Repentance is one of Judaism's most uplifting concepts. The Rambam teaches that a person could be despised and hated by God one day and be loved by Him the next. All it takes to make the difference is a sincere process of repentance.
On my recent trip to South Africa, I witnessed an exhilarating example of national repentance. Just a few years ago, the country was governed by a brutal, racist regime, making it a pariah state. Now, it has transformed itself into a highly respected democracy.
The prophet tells us "Wash yourselves, make yourselves clean, remove your evil deeds from My sight, cease to do evil; learn to do good; seek justice, relieve the oppressed ... though your sins be as scarlet, they shall be as white as snow" (Isaiah 1: 16-18). My teacher, Rabbi Menachem Schrader, reminded us that the metaphor of cleaning the filth of sin is not just about flinging clothes into a washing machine, but the painful task of scrubbing by hand.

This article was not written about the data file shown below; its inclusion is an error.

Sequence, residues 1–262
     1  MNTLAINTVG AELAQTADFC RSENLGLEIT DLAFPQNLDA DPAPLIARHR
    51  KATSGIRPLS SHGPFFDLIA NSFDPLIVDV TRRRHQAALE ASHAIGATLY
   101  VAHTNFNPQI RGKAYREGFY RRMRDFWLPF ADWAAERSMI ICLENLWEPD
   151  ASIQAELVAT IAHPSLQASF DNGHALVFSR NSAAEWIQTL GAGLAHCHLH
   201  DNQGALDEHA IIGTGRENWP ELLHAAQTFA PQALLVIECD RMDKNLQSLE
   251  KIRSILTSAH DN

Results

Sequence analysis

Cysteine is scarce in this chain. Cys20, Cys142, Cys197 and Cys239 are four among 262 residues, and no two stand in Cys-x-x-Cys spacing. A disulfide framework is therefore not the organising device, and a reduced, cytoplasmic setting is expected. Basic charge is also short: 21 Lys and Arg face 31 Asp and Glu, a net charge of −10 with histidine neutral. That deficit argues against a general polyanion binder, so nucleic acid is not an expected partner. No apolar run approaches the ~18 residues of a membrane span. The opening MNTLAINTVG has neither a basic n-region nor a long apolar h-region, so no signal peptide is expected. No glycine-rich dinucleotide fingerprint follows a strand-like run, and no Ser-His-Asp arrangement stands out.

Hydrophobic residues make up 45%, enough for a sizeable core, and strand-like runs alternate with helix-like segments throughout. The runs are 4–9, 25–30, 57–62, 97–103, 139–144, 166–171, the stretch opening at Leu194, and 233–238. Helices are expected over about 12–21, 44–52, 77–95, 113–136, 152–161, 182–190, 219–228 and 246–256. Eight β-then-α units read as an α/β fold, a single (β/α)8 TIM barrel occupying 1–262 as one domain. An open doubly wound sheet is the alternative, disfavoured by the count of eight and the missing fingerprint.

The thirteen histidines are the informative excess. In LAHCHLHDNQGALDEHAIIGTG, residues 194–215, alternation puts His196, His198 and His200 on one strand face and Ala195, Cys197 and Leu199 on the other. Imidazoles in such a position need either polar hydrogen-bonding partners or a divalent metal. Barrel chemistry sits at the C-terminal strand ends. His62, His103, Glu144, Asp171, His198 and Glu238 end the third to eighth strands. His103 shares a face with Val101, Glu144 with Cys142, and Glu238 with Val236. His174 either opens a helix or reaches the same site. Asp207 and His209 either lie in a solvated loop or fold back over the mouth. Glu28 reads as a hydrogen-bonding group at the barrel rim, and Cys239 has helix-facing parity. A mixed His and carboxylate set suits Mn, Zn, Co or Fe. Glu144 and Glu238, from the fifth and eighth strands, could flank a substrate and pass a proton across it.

The Truth and Reconciliation Commission enabled those who had perpetrated heinous crimes under the apartheid regime to come forward, confess their guilt and apologise to their victims. The process was gruelling, but it helped purge some of the bitterness between blacks and whites; freeing everyone to start their lives again.
Watching people of all colours mingling together on the streets of Africa, I learned a powerful lesson about repentance. I caught a glimpse of the infinite potential for each of us, our communities and our nation to escape the bonds of the past and to begin afresh.